Editor’s note: We have reached out to the Windsor town manager, Windsor police chief and the Windsor town attorney, but have not yet received a response. We will be updating this story as we hear from them.
On Sept. 10, the law firm representing La’Marcus McDonald against the Sonoma County Sheriff’s Office in a federal police brutality lawsuit filed an amended complaint detailing a history of police misconduct. The lawsuit stems from an incident on July 9, 2019, in which a welfare check in Windsor turned into an altercation. The Windsor Police Department are Sonoma County Sherriff’s deputies contracted to the town for police services.
In a lawsuit filed on June 24 in the Northern District of California, the County of Sonoma, the Town of Windsor, Sheriff Mark Essick and Windsor police officers Travis Perkins, Brent Kidder and Gregory Clegg are charged with violating the civil rights of McDonald, an African American man, in July 2019. The suit seeks general damages, special damages, punitive and exemplary damages, attorney’s fees and statutory damages.
The lawsuit was filed on McDonald’s behalf by Reed. R. Kathrein and Steve W. Berman of the law firm Hagens Berman Sobol Shapiro LLP.
The filing follows what attorneys for the plaintiff described as “excessive use of deadly force during a welfare check, false arrest and imprisonment of La’Marcus McDonald, a 34-year-old Black man.” According to the complaint, on July 9, 2019, the Windsor Police Department responded to a welfare check of McDonald, who was sleeping in a legally parked vehicle. Police officers detained McDonald and used “excessive and deadly force by slamming Plaintiff headfirst into the ground while holding his right arm, breaking off Plaintiff’s two front teeth, knocking out a third, causing bleeding from the mouth, facial and arm lacerations, and rendering him unconscious,” the complaint reads.
Attorneys also claim that officers then unlawfully arrested McDonald, filed a false police report and falsely imprisoned him, with the cooperation of supervisors.
The amended complaint filed on Sept. 10 adds what attorneys call “additional evidence” and bring in what they term a history of civil rights issues in the department.
“In response to our client’s lawsuit highlighting his brazen mistreatment, the Sonoma County sheriff cried that the complaint lacked evidence, so we’ve made sure to leave no doubt: the Sonoma County Sheriff’s Office has been complicit both in our client’s case of police brutality and misconduct, and in a history of similar instances,” said Kathrein in a statement.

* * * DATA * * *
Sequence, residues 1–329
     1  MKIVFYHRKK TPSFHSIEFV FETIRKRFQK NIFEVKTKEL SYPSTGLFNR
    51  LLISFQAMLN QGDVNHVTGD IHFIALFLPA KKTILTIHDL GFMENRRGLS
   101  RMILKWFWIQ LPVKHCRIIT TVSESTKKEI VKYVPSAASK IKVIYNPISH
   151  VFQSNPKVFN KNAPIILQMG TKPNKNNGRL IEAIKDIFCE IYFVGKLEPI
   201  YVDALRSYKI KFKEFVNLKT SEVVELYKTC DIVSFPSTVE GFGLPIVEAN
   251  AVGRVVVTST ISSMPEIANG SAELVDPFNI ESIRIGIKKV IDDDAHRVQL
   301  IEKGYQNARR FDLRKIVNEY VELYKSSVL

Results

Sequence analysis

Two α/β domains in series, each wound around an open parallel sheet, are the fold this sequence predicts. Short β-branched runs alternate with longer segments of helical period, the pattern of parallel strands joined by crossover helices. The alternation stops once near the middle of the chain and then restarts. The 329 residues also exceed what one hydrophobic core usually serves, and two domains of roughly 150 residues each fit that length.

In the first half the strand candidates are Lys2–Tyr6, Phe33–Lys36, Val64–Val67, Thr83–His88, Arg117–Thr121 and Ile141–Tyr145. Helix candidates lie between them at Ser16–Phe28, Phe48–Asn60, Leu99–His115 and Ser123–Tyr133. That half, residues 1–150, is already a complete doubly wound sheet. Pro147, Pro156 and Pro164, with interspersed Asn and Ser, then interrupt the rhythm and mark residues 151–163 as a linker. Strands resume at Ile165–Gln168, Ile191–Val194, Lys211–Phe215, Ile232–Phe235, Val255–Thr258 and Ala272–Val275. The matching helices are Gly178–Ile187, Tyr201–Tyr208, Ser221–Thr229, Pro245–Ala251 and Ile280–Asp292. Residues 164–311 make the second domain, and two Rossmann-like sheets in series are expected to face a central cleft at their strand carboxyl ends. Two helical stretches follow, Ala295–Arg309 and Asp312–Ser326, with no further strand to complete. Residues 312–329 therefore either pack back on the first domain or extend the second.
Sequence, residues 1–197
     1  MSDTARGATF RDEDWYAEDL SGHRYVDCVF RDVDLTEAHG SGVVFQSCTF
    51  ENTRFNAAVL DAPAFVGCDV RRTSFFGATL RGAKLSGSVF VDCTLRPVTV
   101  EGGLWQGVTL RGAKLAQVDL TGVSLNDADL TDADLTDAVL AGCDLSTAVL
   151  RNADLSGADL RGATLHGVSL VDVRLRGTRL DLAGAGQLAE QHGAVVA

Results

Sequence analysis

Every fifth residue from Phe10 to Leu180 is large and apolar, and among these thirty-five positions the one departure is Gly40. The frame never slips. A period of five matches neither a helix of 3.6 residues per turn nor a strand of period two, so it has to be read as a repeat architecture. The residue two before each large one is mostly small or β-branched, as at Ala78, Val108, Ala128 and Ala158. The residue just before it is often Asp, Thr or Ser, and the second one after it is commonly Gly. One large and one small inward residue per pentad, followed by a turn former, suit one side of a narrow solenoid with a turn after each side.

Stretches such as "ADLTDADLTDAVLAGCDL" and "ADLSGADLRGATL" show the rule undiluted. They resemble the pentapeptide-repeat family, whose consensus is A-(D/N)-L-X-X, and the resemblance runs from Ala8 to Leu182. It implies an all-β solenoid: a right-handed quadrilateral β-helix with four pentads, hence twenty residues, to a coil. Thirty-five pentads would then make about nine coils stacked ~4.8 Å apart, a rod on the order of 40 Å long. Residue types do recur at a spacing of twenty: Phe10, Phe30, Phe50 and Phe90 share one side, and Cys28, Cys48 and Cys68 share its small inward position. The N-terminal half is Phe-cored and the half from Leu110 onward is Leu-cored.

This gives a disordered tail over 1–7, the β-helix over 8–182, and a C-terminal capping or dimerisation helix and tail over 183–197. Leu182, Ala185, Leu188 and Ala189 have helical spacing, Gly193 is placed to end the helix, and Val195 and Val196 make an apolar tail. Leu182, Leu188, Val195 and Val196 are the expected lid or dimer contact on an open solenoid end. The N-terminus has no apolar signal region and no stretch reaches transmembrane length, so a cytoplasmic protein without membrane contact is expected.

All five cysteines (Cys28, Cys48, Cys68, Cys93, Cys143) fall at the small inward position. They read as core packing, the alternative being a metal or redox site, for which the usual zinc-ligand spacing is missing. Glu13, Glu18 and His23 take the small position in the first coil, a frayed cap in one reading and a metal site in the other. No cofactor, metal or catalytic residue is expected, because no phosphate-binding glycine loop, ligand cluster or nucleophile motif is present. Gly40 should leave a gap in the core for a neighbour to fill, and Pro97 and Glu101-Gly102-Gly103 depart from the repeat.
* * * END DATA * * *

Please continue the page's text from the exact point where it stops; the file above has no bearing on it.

“The Sonoma sheriff got exactly what he asked for: evidence,” Kathrein added. “It has never been more clear that what’s happening in Sonoma must stop. It is our hope that along with the community’s voices and existing efforts, we will push for true reform.”
According to the filing, attorneys claim the Sonoma County Sheriff’s Office trains its officers to use a “survivor’s mindset,” according to its official training materials, in which it is stated it is “better them than you,” who gets injured, and that officers should act first and then consider justifying their actions.
“Stay alive! Then prove your conduct was proper,” the lawsuit quotes from the Sonoma County Sheriff’s Office’s Arrest/Control training policy.
“We’ve included the Sonoma County Sheriff’s Office’s Arrest/Control training policy attached as an exhibit in our complaint because its core message is utterly backwards,” Kathrein said. “Law enforcement officers are hired to serve and protect, not survive by any means necessary and justify their conduct after.”
The amended complaint also recites the long history of community involvement in attempting to get reform of the Sheriff’s Office in light of the large number of police killings over time.
Finally, according to the law firm, the amended complaint brings front and center the Sheriff’s Office refusal to provide any transparency as to the unreasonable use of force and other police misconduct, thereby keeping this information hidden from the public, according to attorneys.
A full copy of the amended complaint can be found here.
The suit accuses defendants of violating the Fourth and Fourteenth Amendments to the United States Constitution, as well as California’s Constitution and common law. Sonoma County and the Sheriff’s office refuse to release the body camera footage to McDonald, despite a new California statute (Cal. Gov. Code § 6254(f)(4)), requiring the release of such video within 45 days where use of force causes death or great bodily harm.
According to attorneys, the Sonoma Sheriff takes the position that a concussion and the loss of three front teeth does not constitute great bodily harm, which in turn allows them to not report the incident to the California Department of Justice, as required by California law (Cal. Gov. Code § 12525.2(d)). The sheriff has not turned over the body camera footage despite claiming his officers did nothing wrong.